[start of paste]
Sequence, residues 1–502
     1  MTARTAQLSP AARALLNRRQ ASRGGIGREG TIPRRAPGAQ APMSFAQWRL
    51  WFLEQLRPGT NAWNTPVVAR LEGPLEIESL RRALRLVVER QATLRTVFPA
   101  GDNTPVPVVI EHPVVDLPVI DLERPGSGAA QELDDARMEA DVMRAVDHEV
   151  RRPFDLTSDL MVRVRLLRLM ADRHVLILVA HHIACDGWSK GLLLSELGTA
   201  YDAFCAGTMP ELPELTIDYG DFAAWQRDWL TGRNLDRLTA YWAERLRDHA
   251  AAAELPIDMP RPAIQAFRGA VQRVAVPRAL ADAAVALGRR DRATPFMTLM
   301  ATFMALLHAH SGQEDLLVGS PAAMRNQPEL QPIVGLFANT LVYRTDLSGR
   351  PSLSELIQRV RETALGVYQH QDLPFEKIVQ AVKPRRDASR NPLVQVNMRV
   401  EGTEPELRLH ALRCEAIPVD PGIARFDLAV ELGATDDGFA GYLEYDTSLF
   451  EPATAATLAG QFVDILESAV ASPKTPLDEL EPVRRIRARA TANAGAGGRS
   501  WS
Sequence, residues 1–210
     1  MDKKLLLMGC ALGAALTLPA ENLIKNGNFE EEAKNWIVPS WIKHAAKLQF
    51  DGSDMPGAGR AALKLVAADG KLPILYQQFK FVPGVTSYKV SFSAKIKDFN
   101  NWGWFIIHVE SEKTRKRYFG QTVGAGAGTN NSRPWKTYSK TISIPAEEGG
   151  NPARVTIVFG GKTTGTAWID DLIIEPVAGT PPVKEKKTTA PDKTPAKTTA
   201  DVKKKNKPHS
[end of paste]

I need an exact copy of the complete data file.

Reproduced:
Sequence, residues 1–502
     1  MTARTAQLSP AARALLNRRQ ASRGGIGREG TIPRRAPGAQ APMSFAQWRL
    51  WFLEQLRPGT NAWNTPVVAR LEGPLEIESL RRALRLVVER QATLRTVFPA
   101  GDNTPVPVVI EHPVVDLPVI DLERPGSGAA QELDDARMEA DVMRAVDHEV
   151  RRPFDLTSDL MVRVRLLRLM ADRHVLILVA HHIACDGWSK GLLLSELGTA
   201  YDAFCAGTMP ELPELTIDYG DFAAWQRDWL TGRNLDRLTA YWAERLRDHA
   251  AAAELPIDMP RPAIQAFRGA VQRVAVPRAL ADAAVALGRR DRATPFMTLM
   301  ATFMALLHAH SGQEDLLVGS PAAMRNQPEL QPIVGLFANT LVYRTDLSGR
   351  PSLSELIQRV RETALGVYQH QDLPFEKIVQ AVKPRRDASR NPLVQVNMRV
   401  EGTEPELRLH ALRCEAIPVD PGIARFDLAV ELGATDDGFA GYLEYDTSLF
   451  EPATAATLAG QFVDILESAV ASPKTPLDEL EPVRRIRARA TANAGAGGRS
   501  WS
Sequence, residues 1–210
     1  MDKKLLLMGC ALGAALTLPA ENLIKNGNFE EEAKNWIVPS WIKHAAKLQF
    51  DGSDMPGAGR AALKLVAADG KLPILYQQFK FVPGVTSYKV SFSAKIKDFN
   101  NWGWFIIHVE SEKTRKRYFG QTVGAGAGTN NSRPWKTYSK TISIPAEEGG
   151  NPARVTIVFG GKTTGTAWID DLIIEPVAGT PPVKEKKTTA PDKTPAKTTA
   201  DVKKKNKPHS